SPINNAKER | Do not try this at home

SPINNAKER | Do not try this at home

The Making of an Adrenaline Junkie

Larger than Life, Royal Malta Yacht Club member Jamie Sammut is a pure adrenaline junkie, with an adventurous temperament that has been fuelled since a very young age.  Whilst most of us know him to race his Solaris Unica in a number of local and international offshore races, his love for adventure has not been limited to sailing. SPINNAKER gets to know more. 

Jamie Sammut is a thrill seeker.  There is no doubting his passion for sports and challenging races – the Rolex Middle Sea Race double handed participation gives a bit of an indication of his passion for tough challenges, and some hair raising moments, which included opening a parachute on rollerblades and jumping off a bike at 100 miles per hour.  

Contrary to what some people might think, sailing was not the first sport that gave thrill seeking Jamie his first taste of an adrenaline rush!  At age six, Jamie started practising cycling on his BMX – to the uninitiated a BMX bike is an off-road sport bicycle used for racing and stunt riding.  Competing at BMX events consists of a super fast race, lasting 25 to 40 seconds.  Races take place on a motocross modeled track of 900 to 1,100 feet in length with riders reaching speeds of 15 mph to 35 mph, – this of course depends on the conditions of the individual track and the skill levels of the riders. But you get the picture!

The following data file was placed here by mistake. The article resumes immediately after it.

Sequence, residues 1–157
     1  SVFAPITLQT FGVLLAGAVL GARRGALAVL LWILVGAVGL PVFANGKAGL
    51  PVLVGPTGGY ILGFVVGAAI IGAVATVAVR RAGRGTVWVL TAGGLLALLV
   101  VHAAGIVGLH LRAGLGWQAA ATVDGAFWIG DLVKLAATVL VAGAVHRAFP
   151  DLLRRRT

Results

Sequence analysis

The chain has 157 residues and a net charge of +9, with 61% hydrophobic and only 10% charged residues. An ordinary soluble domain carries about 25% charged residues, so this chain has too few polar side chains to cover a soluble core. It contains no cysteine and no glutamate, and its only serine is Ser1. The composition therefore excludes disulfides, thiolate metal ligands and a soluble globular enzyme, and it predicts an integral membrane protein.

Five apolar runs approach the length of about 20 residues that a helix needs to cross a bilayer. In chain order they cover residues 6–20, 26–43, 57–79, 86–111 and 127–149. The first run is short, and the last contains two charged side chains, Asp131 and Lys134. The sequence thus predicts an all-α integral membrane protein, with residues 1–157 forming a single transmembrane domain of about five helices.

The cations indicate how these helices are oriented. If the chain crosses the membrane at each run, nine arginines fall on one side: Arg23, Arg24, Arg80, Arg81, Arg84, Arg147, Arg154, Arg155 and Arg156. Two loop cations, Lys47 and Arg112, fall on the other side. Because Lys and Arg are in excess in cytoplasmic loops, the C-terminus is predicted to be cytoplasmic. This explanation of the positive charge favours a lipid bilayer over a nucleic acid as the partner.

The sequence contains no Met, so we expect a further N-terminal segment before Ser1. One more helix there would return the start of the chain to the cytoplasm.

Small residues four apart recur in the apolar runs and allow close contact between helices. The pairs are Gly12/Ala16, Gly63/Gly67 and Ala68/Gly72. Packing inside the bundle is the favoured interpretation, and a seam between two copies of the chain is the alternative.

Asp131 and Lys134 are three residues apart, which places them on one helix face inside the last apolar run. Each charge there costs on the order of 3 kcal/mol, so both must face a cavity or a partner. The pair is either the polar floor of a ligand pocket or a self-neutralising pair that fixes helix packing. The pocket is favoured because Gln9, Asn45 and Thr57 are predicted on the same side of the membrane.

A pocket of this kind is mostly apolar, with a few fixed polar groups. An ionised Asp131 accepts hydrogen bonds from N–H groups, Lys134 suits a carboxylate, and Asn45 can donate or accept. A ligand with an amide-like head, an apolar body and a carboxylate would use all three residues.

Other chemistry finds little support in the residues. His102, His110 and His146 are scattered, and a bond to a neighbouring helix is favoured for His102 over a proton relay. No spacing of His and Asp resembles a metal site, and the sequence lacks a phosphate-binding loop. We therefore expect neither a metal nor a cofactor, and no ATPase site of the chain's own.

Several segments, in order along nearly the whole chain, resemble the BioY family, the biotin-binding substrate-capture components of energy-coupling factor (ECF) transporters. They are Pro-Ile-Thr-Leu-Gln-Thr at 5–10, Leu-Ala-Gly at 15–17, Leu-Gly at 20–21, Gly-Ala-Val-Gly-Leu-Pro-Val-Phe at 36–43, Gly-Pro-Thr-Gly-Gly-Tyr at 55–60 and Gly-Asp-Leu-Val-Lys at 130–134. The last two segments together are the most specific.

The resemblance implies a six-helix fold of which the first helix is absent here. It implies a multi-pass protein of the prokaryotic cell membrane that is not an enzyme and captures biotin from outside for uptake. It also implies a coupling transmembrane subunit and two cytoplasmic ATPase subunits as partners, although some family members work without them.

His interest in the sport saw him take the sport very seriously, with participation in competitions abroad.  By thirteen years of age, Jamie had won several local championships. As he progressed into the adults class by age 16, he had performed several feats – one being a  long jump jam which saw Jamie jump over eighteen bicycles without the use and help of a ramp – that is equivalent to approximately 20 children lying next to each other.  

In addition to his BMX activities, eight year old Jamie started sailing. Initially sailing Mirror 10s at the Birzebbugia Sailing Club. In 1985, as a member of the now defunct Toly Sailing Club, Jamie competed in a sailing race which saw young members of the Club sailing from Malta to Pozzallo on the 10 feet Mirror dinghies.  Jamie finished fourth from a fleet of fourteen boats. 

 Although the sailing bug had been caught,  the thrill of BMX seemed to be more of a pull for Jamie, meaning this his attention was diverted to BMX, putting sailing a bit on the back burner.